What’s in a name

Willem Einthoven's great-great-grandson is holding the Nobel Prize plaque

Willem Einthoven's great-great-grandson is holding the Nobel Prize plaque

What’s in a name?

Last week the Nobel Prizes were awarded. The Nobel Prize for medicine and physiology went this year to three American researchers involved in for the discovery of how chromosomes are protected by telomeres and the enzyme telomerase. Dutch medical researchers were awarded the Nobel Prize for medicine and physiology for three times so far. Willem Einthoven in 1924, Christiaan Eijkman in 1929 and Niko Tinbergen in 1973. Most part of their lives is covered in monographs, biographies and articles. More then often the family life of these scientific champions was and is hidden, never to be revealed. But sometimes you have the chance to meet laureate family members in real life.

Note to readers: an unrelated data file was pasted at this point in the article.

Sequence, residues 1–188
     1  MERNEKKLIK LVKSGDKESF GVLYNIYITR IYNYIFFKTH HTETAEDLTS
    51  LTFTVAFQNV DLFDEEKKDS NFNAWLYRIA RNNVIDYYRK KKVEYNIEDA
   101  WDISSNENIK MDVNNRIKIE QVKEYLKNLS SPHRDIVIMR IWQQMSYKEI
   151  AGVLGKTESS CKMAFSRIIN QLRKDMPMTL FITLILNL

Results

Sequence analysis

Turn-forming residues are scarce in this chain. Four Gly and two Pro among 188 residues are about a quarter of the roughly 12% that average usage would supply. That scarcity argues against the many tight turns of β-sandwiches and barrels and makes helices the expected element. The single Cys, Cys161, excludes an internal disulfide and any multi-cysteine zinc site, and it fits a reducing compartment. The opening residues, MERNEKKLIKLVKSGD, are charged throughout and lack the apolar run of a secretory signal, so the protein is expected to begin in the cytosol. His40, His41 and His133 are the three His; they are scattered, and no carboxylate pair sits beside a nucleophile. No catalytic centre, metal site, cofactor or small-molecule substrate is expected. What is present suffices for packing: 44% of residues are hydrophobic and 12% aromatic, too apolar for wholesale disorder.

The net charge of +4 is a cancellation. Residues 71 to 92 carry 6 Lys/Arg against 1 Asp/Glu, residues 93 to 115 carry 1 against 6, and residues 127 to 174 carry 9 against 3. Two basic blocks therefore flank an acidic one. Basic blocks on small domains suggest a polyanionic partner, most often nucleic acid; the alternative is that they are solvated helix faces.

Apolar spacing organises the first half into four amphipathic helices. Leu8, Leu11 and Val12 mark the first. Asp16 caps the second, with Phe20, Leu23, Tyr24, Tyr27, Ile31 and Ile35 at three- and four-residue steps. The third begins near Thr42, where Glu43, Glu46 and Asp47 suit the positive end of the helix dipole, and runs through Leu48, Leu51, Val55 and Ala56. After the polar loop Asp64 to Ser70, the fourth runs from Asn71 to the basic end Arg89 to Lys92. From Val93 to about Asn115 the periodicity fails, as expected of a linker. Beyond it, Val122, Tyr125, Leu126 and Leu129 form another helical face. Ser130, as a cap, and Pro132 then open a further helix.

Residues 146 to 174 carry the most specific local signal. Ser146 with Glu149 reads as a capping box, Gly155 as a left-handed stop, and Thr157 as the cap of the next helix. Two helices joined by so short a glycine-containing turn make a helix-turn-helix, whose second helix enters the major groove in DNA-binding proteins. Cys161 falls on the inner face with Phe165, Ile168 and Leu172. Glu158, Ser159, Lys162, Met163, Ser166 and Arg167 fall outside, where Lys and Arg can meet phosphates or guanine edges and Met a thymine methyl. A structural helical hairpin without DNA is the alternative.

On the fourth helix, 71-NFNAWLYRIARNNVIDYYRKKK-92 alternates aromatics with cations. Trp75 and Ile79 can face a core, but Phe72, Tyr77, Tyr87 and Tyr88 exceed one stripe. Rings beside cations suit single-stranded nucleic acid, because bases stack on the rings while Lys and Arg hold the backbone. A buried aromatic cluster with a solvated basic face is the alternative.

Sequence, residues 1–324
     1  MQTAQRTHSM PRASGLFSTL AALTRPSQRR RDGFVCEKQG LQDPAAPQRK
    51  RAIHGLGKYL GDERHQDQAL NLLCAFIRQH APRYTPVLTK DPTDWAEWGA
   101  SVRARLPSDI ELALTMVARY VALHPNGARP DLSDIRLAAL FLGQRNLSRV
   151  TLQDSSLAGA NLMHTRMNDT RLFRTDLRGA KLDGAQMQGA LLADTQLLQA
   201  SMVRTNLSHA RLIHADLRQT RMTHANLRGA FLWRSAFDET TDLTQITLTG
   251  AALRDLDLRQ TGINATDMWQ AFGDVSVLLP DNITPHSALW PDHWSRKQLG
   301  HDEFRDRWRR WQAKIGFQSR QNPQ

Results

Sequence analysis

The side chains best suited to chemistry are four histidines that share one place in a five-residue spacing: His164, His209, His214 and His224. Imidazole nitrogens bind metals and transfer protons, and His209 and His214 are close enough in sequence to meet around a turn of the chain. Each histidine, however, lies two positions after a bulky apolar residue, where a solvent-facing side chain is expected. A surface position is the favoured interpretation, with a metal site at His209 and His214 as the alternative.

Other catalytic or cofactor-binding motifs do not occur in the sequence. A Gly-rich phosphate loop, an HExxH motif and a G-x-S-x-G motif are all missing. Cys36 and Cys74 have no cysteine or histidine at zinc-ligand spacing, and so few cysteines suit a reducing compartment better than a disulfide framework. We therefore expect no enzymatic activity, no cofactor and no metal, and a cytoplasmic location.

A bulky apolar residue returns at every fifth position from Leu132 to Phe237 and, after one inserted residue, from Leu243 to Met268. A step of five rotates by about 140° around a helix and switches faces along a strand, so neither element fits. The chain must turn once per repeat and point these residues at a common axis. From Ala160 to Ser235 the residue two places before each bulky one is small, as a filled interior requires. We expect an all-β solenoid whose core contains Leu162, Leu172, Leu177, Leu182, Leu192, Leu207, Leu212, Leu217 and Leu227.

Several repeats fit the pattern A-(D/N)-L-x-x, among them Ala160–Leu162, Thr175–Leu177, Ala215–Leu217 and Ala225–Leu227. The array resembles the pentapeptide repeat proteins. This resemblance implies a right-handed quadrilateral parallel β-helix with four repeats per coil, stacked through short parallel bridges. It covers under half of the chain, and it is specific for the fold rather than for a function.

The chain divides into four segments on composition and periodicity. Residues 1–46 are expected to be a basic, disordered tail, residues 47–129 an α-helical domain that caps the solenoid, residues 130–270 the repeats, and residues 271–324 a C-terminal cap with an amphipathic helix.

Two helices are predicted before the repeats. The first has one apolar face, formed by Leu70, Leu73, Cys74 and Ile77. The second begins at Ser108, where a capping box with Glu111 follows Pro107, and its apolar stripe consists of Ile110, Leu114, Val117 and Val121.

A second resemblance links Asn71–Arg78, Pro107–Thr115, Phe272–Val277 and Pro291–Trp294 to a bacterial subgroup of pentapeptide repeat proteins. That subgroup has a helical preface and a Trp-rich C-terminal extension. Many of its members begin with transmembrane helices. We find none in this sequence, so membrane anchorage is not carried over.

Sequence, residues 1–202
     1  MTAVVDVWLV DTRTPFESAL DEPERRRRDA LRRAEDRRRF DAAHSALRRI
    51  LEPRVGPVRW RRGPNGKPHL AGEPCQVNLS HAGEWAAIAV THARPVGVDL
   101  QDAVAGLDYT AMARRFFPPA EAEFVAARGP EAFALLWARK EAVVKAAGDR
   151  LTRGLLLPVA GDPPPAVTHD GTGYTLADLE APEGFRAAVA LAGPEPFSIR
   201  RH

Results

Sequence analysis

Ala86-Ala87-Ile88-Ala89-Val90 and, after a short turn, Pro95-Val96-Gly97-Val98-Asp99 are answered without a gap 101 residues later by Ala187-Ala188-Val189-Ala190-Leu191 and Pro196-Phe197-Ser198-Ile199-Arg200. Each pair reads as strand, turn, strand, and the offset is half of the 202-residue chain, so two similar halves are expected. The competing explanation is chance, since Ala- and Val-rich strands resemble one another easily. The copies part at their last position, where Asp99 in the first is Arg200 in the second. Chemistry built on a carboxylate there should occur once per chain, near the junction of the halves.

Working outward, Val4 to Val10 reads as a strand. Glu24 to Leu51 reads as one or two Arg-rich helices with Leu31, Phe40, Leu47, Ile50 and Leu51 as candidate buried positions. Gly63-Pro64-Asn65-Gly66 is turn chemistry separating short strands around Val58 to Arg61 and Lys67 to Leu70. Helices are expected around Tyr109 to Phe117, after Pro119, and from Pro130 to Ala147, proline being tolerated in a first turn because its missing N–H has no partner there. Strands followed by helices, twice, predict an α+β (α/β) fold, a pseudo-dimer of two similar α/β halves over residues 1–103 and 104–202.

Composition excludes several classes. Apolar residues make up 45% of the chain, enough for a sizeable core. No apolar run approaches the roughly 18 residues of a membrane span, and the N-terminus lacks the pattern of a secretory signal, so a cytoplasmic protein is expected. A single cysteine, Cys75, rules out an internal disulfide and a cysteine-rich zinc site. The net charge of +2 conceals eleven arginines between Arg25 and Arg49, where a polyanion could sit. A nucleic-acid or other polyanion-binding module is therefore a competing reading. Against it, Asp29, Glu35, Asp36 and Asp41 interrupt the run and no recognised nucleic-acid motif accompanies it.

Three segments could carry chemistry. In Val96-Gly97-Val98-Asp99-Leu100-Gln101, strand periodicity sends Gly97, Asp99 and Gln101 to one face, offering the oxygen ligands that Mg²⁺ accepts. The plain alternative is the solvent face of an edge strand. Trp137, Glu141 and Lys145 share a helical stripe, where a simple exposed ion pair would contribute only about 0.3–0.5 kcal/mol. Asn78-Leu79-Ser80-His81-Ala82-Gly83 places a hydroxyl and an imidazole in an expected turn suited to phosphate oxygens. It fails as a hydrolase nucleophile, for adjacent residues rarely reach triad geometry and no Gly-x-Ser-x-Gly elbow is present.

As a curator I had the honour to meet members of the Einthoven family in personal in our museum. The sheer historic sensation to talk about and to listen to stories about Willem Einthoven who won the Prize for the discovery of the mechanism of the electrocardiogram is one of the reasons why I love this job so much! One of the questions while I was doing research on Willem Einthoven’s scientific work was what it means the have the family name of a Nobel Prize winner, in other words: What’s in a name? I was told the following humorous anecdote. When one of Einthoven’s great-grandchildren had to do a school project on encyclopaedias he turned to his mother for help. She said: “ Well if you don’t know what subject to choose, why not start with your own name?” Unaware of his great-grandfathers scientific work he of course found his family name in the encyclopaedia. The next day at the school’s playing ground he asked his friends whether they had found their names as well…

The example above is not only a nice anecdote but it’s also a good lesson for young historians. Always ask yourself : What’s in a name?

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